Back in 2012, NRDC petitioned the agency to adopt this requirement because most states' plans did not account for climate change when assessing their future vulnerability to natural hazards. Yet as FEMA recognized yesterday, "the challenges posed by climate change, such as more intense storms, frequent heavy precipitation, heat waves, drought, extreme flooding, and higher sea levels, could significantly alter the types and magnitudes of hazards impacting states in the future." It's critical that states begin to plan ahead for these changes and develop strategies to reduce the risk of harm to people and infrastructure.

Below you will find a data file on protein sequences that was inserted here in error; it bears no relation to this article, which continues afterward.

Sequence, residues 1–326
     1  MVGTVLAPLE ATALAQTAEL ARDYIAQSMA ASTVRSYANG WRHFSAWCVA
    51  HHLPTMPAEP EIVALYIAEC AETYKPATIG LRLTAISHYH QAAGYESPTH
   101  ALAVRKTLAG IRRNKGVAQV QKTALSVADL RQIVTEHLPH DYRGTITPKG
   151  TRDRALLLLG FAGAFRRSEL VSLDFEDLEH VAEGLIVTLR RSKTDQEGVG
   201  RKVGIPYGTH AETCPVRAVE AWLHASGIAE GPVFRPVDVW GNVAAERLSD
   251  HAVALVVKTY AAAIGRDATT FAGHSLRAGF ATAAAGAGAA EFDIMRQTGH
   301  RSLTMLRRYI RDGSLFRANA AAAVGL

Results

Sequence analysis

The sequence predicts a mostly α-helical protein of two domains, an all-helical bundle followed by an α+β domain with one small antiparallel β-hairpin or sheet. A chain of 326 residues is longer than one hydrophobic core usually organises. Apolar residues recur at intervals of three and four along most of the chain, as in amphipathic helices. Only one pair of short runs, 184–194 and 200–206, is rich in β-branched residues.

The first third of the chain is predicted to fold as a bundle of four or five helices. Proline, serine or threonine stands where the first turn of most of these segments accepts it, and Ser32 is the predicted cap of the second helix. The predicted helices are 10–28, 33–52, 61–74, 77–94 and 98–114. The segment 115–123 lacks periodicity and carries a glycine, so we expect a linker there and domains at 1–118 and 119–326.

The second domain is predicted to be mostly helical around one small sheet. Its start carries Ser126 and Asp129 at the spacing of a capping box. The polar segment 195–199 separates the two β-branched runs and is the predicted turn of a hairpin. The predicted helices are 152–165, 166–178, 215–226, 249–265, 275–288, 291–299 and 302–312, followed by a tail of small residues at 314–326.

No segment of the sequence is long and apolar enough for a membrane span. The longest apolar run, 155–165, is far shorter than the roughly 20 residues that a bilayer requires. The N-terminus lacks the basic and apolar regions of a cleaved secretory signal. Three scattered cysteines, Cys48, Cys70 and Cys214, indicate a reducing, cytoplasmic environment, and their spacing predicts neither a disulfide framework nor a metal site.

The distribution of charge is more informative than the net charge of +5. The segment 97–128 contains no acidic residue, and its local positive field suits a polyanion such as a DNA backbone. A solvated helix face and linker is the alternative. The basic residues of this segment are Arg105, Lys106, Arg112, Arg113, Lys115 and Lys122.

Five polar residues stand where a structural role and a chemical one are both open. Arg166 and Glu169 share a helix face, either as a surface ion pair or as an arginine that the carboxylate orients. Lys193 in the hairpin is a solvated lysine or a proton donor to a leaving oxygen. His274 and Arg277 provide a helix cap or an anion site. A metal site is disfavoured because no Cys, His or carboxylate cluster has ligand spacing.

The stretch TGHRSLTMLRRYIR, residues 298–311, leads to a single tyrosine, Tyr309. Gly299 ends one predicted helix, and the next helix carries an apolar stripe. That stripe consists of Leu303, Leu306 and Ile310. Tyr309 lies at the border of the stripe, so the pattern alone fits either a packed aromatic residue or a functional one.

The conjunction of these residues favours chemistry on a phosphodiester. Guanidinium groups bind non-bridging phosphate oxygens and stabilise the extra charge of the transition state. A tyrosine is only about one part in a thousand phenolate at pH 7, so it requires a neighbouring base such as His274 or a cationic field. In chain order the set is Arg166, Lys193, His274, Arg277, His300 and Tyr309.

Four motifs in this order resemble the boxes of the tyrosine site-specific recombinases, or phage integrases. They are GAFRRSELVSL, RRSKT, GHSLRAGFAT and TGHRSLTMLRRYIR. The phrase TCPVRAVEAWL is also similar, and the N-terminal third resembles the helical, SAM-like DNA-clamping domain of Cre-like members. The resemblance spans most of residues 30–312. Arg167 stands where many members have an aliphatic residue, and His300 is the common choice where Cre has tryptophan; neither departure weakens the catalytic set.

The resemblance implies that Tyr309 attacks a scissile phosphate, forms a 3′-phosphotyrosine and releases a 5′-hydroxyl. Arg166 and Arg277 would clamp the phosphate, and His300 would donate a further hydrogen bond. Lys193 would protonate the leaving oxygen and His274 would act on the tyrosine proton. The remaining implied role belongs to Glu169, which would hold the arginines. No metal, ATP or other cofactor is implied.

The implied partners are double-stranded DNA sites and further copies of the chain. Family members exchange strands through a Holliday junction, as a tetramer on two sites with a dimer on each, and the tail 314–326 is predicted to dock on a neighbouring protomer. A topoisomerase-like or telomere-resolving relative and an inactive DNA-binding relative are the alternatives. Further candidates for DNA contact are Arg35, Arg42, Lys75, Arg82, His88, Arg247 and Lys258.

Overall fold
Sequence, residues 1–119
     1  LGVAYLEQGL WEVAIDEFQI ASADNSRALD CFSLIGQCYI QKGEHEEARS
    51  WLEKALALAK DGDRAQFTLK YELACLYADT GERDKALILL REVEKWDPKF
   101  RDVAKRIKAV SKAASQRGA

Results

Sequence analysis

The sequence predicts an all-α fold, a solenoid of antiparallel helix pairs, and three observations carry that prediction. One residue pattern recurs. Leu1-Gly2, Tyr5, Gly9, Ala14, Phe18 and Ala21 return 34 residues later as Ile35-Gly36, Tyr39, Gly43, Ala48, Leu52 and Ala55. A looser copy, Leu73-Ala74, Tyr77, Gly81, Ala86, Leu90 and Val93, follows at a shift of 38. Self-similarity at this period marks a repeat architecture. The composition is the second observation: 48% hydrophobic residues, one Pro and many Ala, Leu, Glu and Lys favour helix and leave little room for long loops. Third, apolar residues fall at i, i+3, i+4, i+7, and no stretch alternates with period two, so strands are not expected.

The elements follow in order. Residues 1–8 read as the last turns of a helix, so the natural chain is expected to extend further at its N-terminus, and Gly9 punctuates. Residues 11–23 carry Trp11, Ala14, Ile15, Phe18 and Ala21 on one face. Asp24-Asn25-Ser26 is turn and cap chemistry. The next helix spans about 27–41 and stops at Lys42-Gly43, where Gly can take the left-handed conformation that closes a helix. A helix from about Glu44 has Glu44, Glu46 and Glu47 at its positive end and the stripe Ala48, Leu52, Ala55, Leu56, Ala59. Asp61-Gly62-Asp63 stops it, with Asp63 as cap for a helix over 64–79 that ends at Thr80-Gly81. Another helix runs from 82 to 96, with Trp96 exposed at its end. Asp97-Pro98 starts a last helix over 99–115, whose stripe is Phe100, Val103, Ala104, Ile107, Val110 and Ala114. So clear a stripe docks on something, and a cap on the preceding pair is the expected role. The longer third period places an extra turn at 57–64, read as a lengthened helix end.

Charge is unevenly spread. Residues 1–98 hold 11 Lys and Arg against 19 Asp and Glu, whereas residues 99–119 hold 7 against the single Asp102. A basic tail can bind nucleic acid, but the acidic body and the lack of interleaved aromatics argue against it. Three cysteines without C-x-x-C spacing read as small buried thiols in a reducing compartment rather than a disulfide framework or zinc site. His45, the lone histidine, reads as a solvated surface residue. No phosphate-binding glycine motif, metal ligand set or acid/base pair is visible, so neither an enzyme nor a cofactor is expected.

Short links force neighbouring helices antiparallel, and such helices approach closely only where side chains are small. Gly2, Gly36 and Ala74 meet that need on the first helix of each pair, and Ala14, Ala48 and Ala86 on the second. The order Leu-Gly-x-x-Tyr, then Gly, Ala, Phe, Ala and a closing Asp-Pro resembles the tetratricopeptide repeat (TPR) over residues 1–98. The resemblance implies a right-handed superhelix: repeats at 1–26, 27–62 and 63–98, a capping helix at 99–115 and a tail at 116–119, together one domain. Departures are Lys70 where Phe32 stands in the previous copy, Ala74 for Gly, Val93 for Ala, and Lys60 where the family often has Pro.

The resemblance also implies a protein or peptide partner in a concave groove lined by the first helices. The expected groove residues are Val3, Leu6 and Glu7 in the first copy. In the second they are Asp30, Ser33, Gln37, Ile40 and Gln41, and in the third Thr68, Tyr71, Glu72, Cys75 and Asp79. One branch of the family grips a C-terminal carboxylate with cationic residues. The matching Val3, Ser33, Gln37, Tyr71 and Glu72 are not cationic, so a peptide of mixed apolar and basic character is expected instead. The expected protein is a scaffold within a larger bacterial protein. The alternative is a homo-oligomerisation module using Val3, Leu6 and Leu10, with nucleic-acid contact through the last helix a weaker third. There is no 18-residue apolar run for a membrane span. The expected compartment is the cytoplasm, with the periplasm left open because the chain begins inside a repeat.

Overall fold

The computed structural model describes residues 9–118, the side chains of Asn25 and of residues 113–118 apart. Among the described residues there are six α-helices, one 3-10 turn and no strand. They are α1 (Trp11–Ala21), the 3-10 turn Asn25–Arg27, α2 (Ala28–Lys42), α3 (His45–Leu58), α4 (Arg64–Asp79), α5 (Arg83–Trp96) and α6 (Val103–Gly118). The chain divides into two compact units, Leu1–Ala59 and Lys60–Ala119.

Over a year ago, FEMA told us that it would be revising its guidance for State Hazard Mitigation Plans to require consideration of climate change, as we had asked. President Obama officially confirmed the change last summer, and in the fall FEMA published a document summarizing the revisions....
The new guidance is clear that in order for a state's plan to be approved by FEMA, thereby making the state eligible to receive federal funding for pre-disaster mitigation projects designed to build resilience, it must "include considerations of changing future conditions, including the effects of long-term changes in weather patterns and climate on the identified hazards...."
The new requirements will apply to plans that are submitted in March 2016 and beyond. This phase-in period allows states some time to begin integrating climate change information into their plans, if they haven't done so already."
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